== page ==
Turkey: Defending Human Rights is not a Crime
Demand justice for the rights defenders in Turkey
Taner Kılıç was just doing his job, exposing human rights abuses in Turkey as Chair of Amnesty International in that country. But on 9 June 2017, he was thrown into prison on the baseless accusation of being a member of an “armed terrorist organization”.
One month later, 10 other human rights defenders, including Amnesty International Turkey’s Director were detained while attending a routine workshop for human rights activists in Istanbul.
All are on trial for “terrorism” related crimes – an absurd attempt to choke their human rights activism.
Taner is still in prison - and even though the Istanbul 10 have been released thanks to our campaigning, they are still at risk.
Taner and the Istanbul 10 are our friends and colleagues. They have dedicated their lives to peacefully protecting other people’s human rights in Turkey and elsewhere. Painting them as criminals leaves everyone vulnerable to the government taking away their personal freedoms.
We won’t stop until they’re ALL free. Join our call to free Taner and drop the charges against the Istanbul 10. Let Turkey know the world is watching.
What is Taner alleged to have done?
Since the bloody coup attempt in the summer of 2016, which the Turkish authorities blame on Fethullah Gülen, a massive crackdown on real and perceived opponents of the government swept through Turkey. One of the most common allegations used against thousands of people like Taner is the downloading and use of a little known secure messaging app called ByLock. The authorities claim that Taner downloaded ByLock in 2014.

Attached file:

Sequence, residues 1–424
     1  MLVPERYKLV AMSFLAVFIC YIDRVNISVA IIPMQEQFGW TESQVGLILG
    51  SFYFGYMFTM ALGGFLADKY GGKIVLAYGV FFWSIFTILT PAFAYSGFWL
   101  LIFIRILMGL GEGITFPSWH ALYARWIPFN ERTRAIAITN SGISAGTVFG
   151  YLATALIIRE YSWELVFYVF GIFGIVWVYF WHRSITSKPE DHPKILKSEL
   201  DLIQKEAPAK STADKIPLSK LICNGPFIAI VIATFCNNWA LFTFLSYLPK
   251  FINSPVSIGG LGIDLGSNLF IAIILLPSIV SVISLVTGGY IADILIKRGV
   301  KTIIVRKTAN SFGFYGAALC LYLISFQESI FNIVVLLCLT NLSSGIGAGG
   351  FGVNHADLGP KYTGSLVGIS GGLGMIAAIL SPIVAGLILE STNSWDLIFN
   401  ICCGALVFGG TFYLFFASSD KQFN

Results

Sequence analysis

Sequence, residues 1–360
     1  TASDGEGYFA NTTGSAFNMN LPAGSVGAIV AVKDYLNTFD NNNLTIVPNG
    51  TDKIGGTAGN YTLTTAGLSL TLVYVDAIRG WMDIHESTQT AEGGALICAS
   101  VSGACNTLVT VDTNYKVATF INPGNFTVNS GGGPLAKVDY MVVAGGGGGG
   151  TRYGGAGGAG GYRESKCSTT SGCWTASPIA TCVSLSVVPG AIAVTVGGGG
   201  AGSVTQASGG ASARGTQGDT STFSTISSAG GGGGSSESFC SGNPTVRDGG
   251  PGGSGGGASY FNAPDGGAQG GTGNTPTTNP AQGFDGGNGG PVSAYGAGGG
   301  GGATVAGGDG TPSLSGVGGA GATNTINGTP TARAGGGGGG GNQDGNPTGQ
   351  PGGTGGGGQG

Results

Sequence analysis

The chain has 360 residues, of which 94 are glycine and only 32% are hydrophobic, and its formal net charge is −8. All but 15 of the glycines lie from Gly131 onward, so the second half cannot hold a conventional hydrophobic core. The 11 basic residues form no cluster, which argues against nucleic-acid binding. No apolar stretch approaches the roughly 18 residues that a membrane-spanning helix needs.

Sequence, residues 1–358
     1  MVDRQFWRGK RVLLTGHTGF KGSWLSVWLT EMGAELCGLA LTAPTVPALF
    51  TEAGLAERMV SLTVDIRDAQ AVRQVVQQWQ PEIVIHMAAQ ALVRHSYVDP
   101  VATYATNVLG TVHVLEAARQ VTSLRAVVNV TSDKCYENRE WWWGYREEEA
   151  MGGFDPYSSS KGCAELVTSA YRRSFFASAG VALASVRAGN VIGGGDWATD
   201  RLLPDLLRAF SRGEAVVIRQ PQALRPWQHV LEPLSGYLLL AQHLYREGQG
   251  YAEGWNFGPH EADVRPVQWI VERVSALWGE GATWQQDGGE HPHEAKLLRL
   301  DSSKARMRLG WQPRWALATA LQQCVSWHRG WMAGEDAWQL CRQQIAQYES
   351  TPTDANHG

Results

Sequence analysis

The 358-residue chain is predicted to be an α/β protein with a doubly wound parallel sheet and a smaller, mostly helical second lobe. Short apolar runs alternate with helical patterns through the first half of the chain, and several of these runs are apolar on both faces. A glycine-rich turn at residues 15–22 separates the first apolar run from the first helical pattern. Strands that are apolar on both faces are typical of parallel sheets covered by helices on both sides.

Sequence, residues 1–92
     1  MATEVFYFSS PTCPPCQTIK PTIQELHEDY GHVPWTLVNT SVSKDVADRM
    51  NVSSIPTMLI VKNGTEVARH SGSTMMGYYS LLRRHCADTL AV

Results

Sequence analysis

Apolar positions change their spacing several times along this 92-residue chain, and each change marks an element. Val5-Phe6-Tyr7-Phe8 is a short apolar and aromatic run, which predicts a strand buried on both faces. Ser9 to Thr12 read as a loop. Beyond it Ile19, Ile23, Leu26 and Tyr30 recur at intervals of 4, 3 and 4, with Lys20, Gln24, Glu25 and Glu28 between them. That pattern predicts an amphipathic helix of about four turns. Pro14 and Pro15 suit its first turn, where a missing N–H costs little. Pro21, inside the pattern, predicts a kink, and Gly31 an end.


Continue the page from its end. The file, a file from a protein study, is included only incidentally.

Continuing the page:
Taner denies these allegations, he’d never even heard of ByLock until after the coup attempt. Two independent forensic examinations of his phone reveal absolutely no trace of ByLock ever having been downloaded. No credible evidence has been presented by the prosecution.
He is also accused of having an account with a Gülen-linked bank, Bank Asya. Like hundreds of thousands of others in Turkey, Taner did have an account with Bank Asya. He used that account to make direct debit payments to pay fees for the school his daughter attended.
I have been deprived of my freedom, my loved ones, my human rights work.
Why has Taner really been imprisoned?
Taner’s treatment is one of many recent attempts to silence critical voices in Turkey. Since the failed coup attempt of July 2016 there are ongoing criminal investigations against over 150,000 people.
In the last year, more than 180 media outlets have been shut down and an estimated 2,500 journalists and other media workers have lost their jobs. More than 120 journalists and media workers are imprisoned pending trial.